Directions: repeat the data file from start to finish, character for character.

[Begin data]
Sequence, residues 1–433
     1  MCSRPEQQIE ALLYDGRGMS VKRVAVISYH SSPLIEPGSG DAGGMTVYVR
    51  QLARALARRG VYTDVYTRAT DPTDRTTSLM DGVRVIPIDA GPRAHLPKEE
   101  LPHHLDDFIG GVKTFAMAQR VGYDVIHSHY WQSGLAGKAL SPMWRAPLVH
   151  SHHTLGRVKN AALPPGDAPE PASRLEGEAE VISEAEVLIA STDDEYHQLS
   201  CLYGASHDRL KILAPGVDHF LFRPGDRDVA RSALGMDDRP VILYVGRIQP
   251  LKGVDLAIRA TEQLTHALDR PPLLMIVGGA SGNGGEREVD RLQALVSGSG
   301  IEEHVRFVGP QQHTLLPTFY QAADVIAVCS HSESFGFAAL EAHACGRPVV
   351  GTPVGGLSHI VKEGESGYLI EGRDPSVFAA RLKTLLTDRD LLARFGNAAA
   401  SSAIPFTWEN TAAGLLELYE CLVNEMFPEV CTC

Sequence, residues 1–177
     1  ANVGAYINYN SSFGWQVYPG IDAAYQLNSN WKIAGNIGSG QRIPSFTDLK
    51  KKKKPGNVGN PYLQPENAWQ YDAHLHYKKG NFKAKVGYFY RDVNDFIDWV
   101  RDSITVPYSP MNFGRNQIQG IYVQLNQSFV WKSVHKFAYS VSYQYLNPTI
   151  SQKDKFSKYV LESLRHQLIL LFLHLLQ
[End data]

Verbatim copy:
Sequence, residues 1–433
     1  MCSRPEQQIE ALLYDGRGMS VKRVAVISYH SSPLIEPGSG DAGGMTVYVR
    51  QLARALARRG VYTDVYTRAT DPTDRTTSLM DGVRVIPIDA GPRAHLPKEE
   101  LPHHLDDFIG GVKTFAMAQR VGYDVIHSHY WQSGLAGKAL SPMWRAPLVH
   151  SHHTLGRVKN AALPPGDAPE PASRLEGEAE VISEAEVLIA STDDEYHQLS
   201  CLYGASHDRL KILAPGVDHF LFRPGDRDVA RSALGMDDRP VILYVGRIQP
   251  LKGVDLAIRA TEQLTHALDR PPLLMIVGGA SGNGGEREVD RLQALVSGSG
   301  IEEHVRFVGP QQHTLLPTFY QAADVIAVCS HSESFGFAAL EAHACGRPVV
   351  GTPVGGLSHI VKEGESGYLI EGRDPSVFAA RLKTLLTDRD LLARFGNAAA
   401  SSAIPFTWEN TAAGLLELYE CLVNEMFPEV CTC

Sequence, residues 1–177
     1  ANVGAYINYN SSFGWQVYPG IDAAYQLNSN WKIAGNIGSG QRIPSFTDLK
    51  KKKKPGNVGN PYLQPENAWQ YDAHLHYKKG NFKAKVGYFY RDVNDFIDWV
   101  RDSITVPYSP MNFGRNQIQG IYVQLNQSFV WKSVHKFAYS VSYQYLNPTI
   151  SQKDKFSKYV LESLRHQLIL LFLHLLQ